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Bonaire Day 6: Flamingoes, and Donkeys, and Lizards! Oh my!

After a good night's sleep, we woke and were ready for a dry (no diving) day touring the northern end of the island, the village of Rincon, and the Washington Slagbaai National Park. We headed north on the coastal road, stopping at a marked dive site called Oil Slick Leap just to take a look.

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At the northern end of the coastal road lies BOPEC, the Venezuelan state-owned oil storage facility. All week we could see tankers lined up in the distance ready to load or offload their cargo.

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East of BOPEC is Lake Gotomeer, a saltwater lake and home to flamingoes during the January thru July breeding season. We missed out on seeing any flamingoes on this day but the view from the observatory was beautiful anyway.

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Leaving Gotomeer, we continued eastward to the village of Rincon. The oldest town on Bonaire, it was founded in the early 16th century after Vespucci arrived on Bonaire, claiming ownership for Spain. It's a sleepy little village dotted with colorful buildings and tall cactus. We were getting hungry by this point so we decided to stop at a little place called Le-Ma-Se, owned by the ever friendly Norman, for a bite to eat. The "restaurant" is really an extension of Norman's family home.

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Norman is famous for his creamy milkshakes and he does have a menu but that doesn't really matter. You eat what Norman serves you.

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What that meant for us was a cup of Norman's homemade squash soup and a couple of drinks while we waited for the main attraction.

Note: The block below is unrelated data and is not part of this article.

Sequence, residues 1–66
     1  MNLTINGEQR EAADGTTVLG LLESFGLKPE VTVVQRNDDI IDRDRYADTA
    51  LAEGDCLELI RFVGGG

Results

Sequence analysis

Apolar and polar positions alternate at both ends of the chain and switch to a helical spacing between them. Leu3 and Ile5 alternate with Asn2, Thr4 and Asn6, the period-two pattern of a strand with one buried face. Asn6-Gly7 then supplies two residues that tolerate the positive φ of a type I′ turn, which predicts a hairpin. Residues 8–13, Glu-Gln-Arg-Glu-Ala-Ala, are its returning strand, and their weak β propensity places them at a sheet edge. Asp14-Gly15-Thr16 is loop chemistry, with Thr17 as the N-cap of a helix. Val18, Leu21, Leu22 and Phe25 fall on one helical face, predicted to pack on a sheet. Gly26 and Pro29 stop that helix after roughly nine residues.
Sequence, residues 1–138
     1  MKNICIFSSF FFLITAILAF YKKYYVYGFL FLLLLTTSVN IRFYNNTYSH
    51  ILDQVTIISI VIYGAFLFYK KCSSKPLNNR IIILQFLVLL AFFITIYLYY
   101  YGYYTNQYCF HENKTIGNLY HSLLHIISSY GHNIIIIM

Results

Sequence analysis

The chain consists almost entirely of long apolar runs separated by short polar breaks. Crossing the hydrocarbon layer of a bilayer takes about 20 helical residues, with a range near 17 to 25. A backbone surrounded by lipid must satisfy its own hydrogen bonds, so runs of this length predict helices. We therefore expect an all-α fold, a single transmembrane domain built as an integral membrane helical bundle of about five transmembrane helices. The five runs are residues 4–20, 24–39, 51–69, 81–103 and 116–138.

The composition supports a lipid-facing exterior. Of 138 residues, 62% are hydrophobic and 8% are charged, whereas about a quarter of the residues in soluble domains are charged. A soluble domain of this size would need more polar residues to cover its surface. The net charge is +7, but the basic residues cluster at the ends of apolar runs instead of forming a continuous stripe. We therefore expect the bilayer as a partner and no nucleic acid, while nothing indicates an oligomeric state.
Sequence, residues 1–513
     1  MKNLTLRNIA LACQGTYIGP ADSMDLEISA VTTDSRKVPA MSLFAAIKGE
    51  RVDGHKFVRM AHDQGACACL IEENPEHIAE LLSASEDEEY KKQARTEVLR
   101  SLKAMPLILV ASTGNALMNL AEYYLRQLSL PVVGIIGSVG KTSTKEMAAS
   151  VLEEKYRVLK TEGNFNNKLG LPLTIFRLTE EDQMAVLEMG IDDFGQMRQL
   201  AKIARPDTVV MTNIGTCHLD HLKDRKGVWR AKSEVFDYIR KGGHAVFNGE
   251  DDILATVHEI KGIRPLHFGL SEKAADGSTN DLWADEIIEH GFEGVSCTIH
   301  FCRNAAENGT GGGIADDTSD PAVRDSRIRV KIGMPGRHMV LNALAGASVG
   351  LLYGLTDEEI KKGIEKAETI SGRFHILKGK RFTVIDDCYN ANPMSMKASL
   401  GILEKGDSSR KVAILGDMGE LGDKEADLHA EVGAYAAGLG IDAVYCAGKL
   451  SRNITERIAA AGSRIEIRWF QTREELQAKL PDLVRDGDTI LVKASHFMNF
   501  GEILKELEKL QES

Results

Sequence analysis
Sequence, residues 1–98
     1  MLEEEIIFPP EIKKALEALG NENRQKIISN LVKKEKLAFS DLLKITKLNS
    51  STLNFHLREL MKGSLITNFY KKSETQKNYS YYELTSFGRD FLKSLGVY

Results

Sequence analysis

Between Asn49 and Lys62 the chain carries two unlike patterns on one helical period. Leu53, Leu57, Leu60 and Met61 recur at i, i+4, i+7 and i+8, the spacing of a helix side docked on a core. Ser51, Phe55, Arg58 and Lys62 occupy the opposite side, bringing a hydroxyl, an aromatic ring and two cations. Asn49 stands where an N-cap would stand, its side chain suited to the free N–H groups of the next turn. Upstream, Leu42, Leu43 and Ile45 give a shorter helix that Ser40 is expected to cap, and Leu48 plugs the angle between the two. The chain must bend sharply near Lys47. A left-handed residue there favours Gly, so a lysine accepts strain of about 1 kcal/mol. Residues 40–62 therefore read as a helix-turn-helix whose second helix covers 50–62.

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The main attraction was a pastechi, a flaky crust stuffed with meat of your choice. I chose beef while Mike chose tuna. It was served with the famous Bonaire mango sweet and sour sauce. Now I don't know why this sauce is so popular on Bonaire since there are no mangoes growing on the island and sweet and sour sauce is not exactly Dutch or Spanish but it's delicious and that was good enough for us.

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After writing a message in Norman's guestbook and a lecture to Mike about drinking the Venezuelan beer, Polar, Norman was kind enough to send us on our way to the park with a cheese pastechi on the house.

We followed the road out of Rincon and arrived at the Washington Slagbaai National Park. The park was established in 1969 and now consists of about 13,500 protected acres. Previously, the area was used to produce salt, charcoal, aloe vera, and goats for export.

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At the entrance is a museum, restroom, and souvenir shop that actually sells beer.

Skeleton of a juvenile baleen whale hit by a cruise ship in 2000 and restored by a Bonaire youth group

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Donkey saddle

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Original mask and regulator of Captain Don, founder of tourist diving on Bonaire

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Before heading off into the park, we made a restroom pit stop. On Bonaire, no words are needed to tell you which bathroom to use.